We make recommendations to the Scottish Government about historic marine protected areas, and the Scottish Ministers decide whether to designate.

Listing is the process that identifies, designates and provides statutory protection for buildings of special architectural or historic interest as set out in the Planning (Listed Buildings and Conservation Areas) (Scotland) Act 1997.

We list buildings which are found to be of special architectural or historic interest using the selection guidance published in Designation Policy and Selection Guidance (2019)

Listed building records provide an indication of the special architectural or historic interest of the listed building which has been identified by its statutory address. The description and additional information provided are supplementary and have no legal weight.

These records are not definitive historical accounts or a complete description of the building(s). If part of a building is not described it does not mean it is not listed. The format of the listed building record has changed over time. Earlier records may be brief and some information will not have been recorded.

The legal part of the listing is the address/name of site which is known as the statutory address. Other than the name or address of a listed building, further details are provided for information purposes only. Historic Environment Scotland does not accept any liability for any loss or damage suffered as a consequence of inaccuracies in the information provided. Addresses and building names may have changed since the date of listing. Even if a number or name is missing from a listing address it will still be listed. Listing covers both the exterior and the interior and any object or structure fixed to the building. Listing also applies to buildings or structures not physically attached but which are part of the curtilage (or land) of the listed building as long as they were erected before 1 July 1948.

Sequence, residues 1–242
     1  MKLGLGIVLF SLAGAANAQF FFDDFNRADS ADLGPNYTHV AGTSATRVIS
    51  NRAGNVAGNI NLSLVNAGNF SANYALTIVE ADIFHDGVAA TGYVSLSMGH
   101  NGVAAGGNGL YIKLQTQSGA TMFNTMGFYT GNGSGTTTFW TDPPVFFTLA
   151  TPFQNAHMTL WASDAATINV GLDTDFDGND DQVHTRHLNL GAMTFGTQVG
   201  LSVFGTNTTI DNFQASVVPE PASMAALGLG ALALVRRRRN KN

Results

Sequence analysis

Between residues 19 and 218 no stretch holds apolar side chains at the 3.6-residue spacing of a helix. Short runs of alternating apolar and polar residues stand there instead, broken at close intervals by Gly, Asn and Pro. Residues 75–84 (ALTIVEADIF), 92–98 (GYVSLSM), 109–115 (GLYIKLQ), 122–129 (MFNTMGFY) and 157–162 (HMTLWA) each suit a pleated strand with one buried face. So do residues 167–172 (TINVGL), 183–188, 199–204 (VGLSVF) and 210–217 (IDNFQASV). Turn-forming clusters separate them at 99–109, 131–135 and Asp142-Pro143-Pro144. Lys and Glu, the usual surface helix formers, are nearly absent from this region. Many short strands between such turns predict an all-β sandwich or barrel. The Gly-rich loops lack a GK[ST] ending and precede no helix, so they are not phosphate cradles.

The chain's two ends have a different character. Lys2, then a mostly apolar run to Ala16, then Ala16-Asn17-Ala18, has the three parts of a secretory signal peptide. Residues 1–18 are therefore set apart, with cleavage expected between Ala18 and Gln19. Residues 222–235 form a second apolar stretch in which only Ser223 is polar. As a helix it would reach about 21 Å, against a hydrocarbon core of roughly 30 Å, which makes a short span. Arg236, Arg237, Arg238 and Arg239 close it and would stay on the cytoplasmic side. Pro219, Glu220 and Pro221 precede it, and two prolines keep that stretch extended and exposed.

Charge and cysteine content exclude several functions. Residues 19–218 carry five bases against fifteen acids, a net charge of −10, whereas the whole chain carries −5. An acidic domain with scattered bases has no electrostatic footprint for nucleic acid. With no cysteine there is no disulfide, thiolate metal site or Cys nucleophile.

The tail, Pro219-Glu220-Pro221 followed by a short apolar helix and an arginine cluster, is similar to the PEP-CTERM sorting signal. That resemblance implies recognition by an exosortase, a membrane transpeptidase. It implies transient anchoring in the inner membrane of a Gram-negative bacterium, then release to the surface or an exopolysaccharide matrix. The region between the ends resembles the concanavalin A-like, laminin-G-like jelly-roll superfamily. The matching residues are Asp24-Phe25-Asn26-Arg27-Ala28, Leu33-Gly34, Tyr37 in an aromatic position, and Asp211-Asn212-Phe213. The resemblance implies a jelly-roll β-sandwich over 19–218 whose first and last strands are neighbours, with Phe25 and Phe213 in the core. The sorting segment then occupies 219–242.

While Historic Environment Scotland is responsible for designating listed buildings, the planning authority is responsible for determining what is covered by the listing, including what is listed through curtilage. However, for listed buildings designated or for listings amended from 1 October 2015, legal exclusions to the listing may apply.

If part of a building is not listed, it will say that it is excluded in the statutory address and in the statement of special interest in the listed building record. The statement will use the word 'excluding' and quote the relevant section of the 1997 Act. Some earlier listed building records may use the word 'excluding', but if the Act is not quoted, the record has not been revised to reflect subsequent legislation.

Listed building consent is required for changes to a listed building which affect its character as a building of special architectural or historic interest. The relevant planning authority is the point of contact for applications for listed building consent.

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Printed: 18/06/2024 23:24